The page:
And yet, as these revolutionary technologies created new industries, destroyed others and reshaped communities and cities, we simply assumed that this was the way of the world and that nothing could be done to affect it. That would have been socialist-style interference with the free market.

But the result does not seem one that a libertarian would celebrate. We now have a tech economy dominated by just a few mammoth companies that effectively create a barrier to entry for newcomers. In Silicon Valley, new start-ups don’t even pretend that they will become independent companies. Their business plan is to be acquired by Google, Facebook, Amazon, Microsoft or Apple. The situation looks more like an oligopoly than a free market. In fact, through the age of big tech, the number of new business start-ups has been declining.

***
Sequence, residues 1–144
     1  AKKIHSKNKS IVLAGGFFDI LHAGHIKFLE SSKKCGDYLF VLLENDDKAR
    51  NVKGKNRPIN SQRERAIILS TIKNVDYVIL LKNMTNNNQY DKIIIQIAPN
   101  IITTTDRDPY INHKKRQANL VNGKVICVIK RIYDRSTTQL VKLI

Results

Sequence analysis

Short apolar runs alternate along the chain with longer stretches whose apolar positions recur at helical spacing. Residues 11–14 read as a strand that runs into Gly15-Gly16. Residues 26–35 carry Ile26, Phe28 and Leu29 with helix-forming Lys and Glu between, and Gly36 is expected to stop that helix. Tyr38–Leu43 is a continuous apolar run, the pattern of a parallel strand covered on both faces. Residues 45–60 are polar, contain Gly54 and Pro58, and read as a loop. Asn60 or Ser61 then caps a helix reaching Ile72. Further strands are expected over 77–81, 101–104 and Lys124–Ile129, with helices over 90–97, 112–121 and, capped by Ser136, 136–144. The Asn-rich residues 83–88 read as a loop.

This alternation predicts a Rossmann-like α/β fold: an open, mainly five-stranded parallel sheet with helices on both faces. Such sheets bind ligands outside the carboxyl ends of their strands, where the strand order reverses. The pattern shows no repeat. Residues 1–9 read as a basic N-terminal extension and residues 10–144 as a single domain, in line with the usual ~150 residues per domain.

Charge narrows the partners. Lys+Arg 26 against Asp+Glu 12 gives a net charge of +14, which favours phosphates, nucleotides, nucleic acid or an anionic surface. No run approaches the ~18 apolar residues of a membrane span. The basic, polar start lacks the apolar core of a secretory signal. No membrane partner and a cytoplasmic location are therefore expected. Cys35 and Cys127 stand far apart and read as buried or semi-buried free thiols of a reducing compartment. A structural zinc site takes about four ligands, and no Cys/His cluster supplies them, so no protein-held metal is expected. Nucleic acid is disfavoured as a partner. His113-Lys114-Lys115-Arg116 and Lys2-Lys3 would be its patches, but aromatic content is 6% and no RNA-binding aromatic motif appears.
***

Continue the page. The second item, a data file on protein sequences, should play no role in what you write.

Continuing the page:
The other noticeable consequence has been the erosion of privacy, highlighted by the Cambridge Analytica/Facebook scandal. Because technology companies now deal with billions of consumers, any individual is a speck, a tiny data point. And since for most technology companies the individual consumer is also a product, whose information is sold to others for a profit, he or she is doubly disempowered. The tech giants would surely respond that they have democratized information, created products of extraordinary power and potential, and transformed life for the better. All of this is true. So did previous innovations such as the telephone, the automobile, antibiotics and electricity. But precisely because of these products’ power and transformational impact, it was necessary for the government to play some role in protecting individuals and restraining the huge new winners in the economy.